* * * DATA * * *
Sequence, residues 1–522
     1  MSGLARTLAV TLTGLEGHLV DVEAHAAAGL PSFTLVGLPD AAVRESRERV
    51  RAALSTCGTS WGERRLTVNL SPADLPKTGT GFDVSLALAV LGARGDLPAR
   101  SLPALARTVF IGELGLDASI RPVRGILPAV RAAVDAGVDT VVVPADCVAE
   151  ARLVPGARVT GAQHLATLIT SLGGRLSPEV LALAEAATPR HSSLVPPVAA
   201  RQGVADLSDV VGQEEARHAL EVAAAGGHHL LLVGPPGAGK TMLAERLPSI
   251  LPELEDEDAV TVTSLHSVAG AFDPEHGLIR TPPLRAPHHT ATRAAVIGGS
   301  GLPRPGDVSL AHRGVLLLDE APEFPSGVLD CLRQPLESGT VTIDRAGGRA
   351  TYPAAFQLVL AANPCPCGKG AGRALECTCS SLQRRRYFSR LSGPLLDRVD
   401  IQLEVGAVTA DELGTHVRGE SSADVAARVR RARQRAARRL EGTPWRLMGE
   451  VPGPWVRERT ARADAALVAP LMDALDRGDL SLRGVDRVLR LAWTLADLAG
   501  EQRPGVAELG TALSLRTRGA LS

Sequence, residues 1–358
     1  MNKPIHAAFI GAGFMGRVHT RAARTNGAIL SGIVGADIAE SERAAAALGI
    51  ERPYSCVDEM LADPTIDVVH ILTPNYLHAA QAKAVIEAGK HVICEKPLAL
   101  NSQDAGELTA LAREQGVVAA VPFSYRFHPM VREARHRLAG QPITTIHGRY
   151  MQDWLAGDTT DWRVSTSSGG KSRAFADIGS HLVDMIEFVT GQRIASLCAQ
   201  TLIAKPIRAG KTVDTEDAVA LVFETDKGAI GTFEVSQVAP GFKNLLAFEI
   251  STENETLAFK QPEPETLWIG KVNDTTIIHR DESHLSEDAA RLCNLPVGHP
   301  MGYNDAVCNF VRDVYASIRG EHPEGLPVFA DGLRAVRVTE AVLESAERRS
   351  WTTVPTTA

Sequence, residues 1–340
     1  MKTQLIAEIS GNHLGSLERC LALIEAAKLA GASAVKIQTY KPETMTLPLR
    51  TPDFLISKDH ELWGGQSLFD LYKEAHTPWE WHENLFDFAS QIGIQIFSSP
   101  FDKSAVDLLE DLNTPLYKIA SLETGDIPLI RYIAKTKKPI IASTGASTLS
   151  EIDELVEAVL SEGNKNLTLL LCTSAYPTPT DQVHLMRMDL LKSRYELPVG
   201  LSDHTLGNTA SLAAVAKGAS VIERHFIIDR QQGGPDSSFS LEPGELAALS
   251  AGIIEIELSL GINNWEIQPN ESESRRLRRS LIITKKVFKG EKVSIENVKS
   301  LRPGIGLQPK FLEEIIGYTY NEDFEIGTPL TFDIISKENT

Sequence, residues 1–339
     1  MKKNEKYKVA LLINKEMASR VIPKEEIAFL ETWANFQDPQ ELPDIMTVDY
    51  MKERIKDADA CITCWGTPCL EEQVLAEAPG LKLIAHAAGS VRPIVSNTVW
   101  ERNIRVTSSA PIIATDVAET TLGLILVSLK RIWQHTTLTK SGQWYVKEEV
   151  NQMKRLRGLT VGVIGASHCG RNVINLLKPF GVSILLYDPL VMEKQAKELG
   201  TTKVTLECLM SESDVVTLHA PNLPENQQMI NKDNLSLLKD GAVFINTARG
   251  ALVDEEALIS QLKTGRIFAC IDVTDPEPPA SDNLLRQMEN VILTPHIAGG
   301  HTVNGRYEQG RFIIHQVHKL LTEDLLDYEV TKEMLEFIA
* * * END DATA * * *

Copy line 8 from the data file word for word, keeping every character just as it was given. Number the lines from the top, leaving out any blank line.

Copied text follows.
   301  GLPRPGDVSL AHRGVLLLDE APEFPSGVLD CLRQPLESGT VTIDRAGGRA